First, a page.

June 15, 2010
A squall line moved across southern Indiana and central Kentucky during the evneing hours of June 15, 2010, and produced some interesting cloud formations as it did so! Some of the low-hanging clouds have the appearance of funnel clouds, and may have shown some subtle rotation or movement as they crossed the sky, but in all likelihood they were simply lower clouds beneath the base of the thunderstorm, often referred to as "scud" (though the technical term is "stratus fractus"). It shows how easy it can be to mistake a harmless scud cloud for a funnel!
Many thanks to the photographers who shared their pictures with us.
Click on an image to see a larger version.
|A building thunderstorm north of Austin, Indiana during the afternoon hours. The main squall line was still off to the west, and would come in later that evening. Photo: Jeanne Newton|
|The squall line rolls into Sellersburg around 7:15pm... Photo: Jason Dotson KE5WKS|
|A suspicious, but harmless, low cloud over Shepherdsville. Photo: Marke Richardson|
|Lightning strike near Elizabethtown at 9:52pm. Photo: Code 3 Images Photography|
|More lightning ner Elizabethtown, just a few minutes after the previous picture. Photo: Code 3 Images Photography|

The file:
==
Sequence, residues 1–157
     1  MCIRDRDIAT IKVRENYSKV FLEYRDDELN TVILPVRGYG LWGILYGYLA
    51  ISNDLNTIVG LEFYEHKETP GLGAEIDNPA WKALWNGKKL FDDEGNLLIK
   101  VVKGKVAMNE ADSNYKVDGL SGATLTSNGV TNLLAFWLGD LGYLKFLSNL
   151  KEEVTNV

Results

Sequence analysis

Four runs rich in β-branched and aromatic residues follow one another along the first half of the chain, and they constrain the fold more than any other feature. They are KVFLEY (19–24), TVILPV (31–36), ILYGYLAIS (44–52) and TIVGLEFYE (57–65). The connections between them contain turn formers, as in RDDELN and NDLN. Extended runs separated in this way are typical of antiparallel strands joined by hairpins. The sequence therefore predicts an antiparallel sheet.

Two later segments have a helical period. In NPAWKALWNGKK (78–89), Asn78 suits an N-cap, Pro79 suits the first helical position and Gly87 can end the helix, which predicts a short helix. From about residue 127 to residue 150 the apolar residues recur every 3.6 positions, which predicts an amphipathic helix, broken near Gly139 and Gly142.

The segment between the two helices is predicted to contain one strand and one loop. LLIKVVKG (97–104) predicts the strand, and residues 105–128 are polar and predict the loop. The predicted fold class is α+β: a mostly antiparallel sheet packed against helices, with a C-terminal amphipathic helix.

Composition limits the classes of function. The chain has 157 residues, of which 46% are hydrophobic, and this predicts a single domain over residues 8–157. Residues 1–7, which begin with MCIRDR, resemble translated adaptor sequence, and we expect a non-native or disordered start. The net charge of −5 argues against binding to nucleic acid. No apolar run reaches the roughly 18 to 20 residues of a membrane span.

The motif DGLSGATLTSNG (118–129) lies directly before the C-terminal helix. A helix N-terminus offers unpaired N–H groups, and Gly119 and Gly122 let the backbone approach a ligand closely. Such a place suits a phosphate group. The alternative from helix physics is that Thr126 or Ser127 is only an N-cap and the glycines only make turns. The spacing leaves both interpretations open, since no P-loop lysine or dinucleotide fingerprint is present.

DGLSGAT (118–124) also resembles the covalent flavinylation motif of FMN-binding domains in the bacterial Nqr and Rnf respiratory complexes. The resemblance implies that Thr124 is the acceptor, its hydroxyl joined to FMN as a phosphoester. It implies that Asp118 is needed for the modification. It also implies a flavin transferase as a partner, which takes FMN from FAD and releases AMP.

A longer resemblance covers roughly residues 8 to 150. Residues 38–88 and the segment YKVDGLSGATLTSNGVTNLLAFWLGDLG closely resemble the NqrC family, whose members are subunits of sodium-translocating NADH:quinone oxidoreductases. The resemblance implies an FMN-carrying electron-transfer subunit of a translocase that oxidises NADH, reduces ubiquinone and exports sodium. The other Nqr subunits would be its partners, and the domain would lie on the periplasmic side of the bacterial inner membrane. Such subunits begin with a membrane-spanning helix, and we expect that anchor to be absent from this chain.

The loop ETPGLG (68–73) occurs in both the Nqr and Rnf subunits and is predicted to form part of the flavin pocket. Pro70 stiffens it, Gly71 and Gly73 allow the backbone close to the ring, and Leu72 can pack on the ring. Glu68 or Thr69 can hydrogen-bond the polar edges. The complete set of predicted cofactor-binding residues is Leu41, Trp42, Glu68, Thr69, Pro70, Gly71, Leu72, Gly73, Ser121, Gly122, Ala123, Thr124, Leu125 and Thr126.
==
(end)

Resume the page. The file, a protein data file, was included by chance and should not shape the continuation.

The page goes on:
|Low hanging clouds over Louisville near Fairdale High School. Photo: Eric Bowles via Ben Pine/WHAS|
|This still shot was taken from a WHAS weather camera located near Louisville International Airport. Photo: Ben Pine/WHAS|
|Here's a view from near Iroquois Park in southwest Louisville. Photo: Jessica Ray|
|Storm towers going up over Louisville. Photo: Brandon Terry|
|Another low-hanging cloud formation, this time as seen from Pewee Valley. Photo: Brandon Terry|
|Lightning striking Lexington. If you are close enough to a storm to hear thunder, you're close enough to be struck by lightning! Photo: John Bradshaw K4SWX|
|An ominous shelf cloud advances across Lexington. This sort of cloud often marks the leading edge of strong, gusty winds. Photo: John Bradshaw K4SWX|